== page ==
Such a performance is not to be missed, as many of these mushrooms are edible and among the last of the mycorrhizal fungi to appear in temperate climates before temperatures plummet and the ground freezes.

Over the past few weeks, I’ve made several trips to conifer-rich woodlands in order to witness this end-of-the-year fungal grand finale.

And on almost every occasion, slimy mushrooms were in no short supply.

If you’re interested in learning more about these wild edible mushrooms whose golden days are numbered, check out the brand new video!

I was recently invited to speak with the hosts of The Survival Show Podcast on the topic of wild mushrooms.  In this episode, we cover the “foolproof four,” tips on getting started, whether or not mushrooms make great survival food, and lots more.  Here are 3 ways to listen to the interview:

Thanks for reading and watching, and as always, thank you for your support!

-Adam Haritan

Sacred Tree Profile: Black Locust’s Medicine, Magic, Mythology and Meanings

The Druid's Garden

Black locust in bloom

Black Locust (Robinia pseudoacacia) is a spiny, scraggly tree that is found abundantly along the US East Coast. Very little is written about this tree from a magical or mythological perspective, although certainly, anyone who works wood or practices permaculture is aware of the more tangible benefits this tree provides. In today’s post, we explore this amazing tree and start building some more specific magical knowledge to incorporate this tree into local druidic or nature-spirituality practices.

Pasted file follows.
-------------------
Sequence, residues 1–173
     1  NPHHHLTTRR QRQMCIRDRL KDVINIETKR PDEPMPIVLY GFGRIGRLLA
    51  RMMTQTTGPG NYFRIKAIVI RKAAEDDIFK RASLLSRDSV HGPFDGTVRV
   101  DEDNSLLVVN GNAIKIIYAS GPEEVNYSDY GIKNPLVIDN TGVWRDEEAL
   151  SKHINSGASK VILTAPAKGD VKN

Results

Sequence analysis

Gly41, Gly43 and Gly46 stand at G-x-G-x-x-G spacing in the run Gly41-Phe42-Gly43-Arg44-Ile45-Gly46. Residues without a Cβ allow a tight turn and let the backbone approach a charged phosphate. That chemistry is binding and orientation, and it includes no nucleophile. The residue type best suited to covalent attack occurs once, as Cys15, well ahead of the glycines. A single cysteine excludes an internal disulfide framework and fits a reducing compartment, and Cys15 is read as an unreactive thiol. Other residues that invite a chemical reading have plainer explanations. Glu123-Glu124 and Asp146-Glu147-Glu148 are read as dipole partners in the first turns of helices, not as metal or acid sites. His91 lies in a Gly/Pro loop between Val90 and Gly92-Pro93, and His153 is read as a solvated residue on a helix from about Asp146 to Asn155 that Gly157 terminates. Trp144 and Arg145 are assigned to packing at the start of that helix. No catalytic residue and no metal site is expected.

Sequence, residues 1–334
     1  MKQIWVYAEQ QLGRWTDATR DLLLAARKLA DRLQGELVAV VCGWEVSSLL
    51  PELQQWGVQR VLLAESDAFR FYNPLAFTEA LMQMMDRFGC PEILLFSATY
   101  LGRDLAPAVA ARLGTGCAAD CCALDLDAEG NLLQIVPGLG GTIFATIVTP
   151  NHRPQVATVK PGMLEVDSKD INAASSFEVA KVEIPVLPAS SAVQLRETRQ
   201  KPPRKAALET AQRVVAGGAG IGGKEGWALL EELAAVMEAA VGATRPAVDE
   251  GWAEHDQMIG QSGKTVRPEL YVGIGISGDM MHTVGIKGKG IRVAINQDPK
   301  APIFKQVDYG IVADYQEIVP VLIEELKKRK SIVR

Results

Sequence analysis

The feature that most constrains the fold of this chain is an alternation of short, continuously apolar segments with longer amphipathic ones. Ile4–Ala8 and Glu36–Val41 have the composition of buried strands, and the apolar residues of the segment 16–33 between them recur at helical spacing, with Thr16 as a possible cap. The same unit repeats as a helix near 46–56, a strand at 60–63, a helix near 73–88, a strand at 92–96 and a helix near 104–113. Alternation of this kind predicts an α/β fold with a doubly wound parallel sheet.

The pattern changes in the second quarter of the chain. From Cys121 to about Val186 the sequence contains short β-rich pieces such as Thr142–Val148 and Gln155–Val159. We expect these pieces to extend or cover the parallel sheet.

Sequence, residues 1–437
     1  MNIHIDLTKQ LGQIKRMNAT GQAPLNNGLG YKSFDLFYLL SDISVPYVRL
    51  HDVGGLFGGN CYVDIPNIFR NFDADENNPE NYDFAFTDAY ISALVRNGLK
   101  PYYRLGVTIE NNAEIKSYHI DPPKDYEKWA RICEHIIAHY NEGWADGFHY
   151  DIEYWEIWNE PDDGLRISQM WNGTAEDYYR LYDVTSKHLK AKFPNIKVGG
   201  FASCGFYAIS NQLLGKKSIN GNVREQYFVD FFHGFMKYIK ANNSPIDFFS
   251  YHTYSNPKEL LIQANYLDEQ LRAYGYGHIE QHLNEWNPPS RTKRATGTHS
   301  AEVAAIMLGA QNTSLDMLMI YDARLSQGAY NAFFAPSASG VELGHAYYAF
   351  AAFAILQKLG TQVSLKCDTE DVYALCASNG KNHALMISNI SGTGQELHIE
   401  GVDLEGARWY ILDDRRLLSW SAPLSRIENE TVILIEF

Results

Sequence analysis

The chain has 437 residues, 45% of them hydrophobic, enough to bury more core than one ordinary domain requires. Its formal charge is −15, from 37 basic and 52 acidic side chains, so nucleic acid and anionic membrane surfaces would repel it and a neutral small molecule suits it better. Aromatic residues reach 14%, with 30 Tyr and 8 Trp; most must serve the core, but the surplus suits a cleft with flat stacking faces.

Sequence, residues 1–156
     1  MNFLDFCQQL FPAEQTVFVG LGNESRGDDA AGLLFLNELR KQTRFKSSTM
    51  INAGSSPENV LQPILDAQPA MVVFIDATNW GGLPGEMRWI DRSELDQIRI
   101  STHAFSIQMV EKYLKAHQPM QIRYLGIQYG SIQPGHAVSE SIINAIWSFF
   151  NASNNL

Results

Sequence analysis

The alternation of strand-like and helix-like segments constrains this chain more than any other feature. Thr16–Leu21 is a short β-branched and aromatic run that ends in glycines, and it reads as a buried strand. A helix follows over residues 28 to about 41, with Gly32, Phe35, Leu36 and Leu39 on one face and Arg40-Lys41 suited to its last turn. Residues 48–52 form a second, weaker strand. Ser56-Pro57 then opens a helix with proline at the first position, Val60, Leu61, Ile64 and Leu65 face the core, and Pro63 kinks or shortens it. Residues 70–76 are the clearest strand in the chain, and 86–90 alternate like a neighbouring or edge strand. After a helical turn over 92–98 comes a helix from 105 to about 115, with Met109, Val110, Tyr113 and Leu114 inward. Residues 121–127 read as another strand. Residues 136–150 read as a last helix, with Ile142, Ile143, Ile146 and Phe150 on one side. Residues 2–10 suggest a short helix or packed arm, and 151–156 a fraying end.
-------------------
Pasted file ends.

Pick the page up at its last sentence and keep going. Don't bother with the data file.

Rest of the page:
My parents’ land in Western PA, land where I grew up, consisted primarily of old potato fields.  We had two sets of tree lines where the farmers had let the trees grow; these lines were full of huge cherry and maple trees grew.  In between those tree lines as the land sloped down the mountain were open areas populated with blackberry bushes, hawthorn, and black locusts–several acres of them…

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How to Make Elderberry Syrup for Immune Health

Good Witches Homestead

Each year as winter approaches, I reliably find my patients asking me about the best herbal remedies to use during the cold weather months. One of the most common questions I encounter is, “What nutritional preparations can I use to help keep my family strong and healthy throughout the sniffle season?”. There’s a wide array of herbs well-suited to addressing specific and general winter wellness goals, but one of my favorite, tried-and-true choices for general immune support is the elderberry.

And while there are lots of ways to enjoy the healthful benefits of elderberries, one of the best-loved is that longtime herbal apothecary staple, elderberry syrup.

Elderberry Syrup Benefits

The berries, flowers, and bark of the elder (Sambucus) plant have long been prized by herbalists across the globe, and modern studies have also substantiated the berries’ ability to help maintain normal, healthy functioning of our immune system*. This makes elderberry an…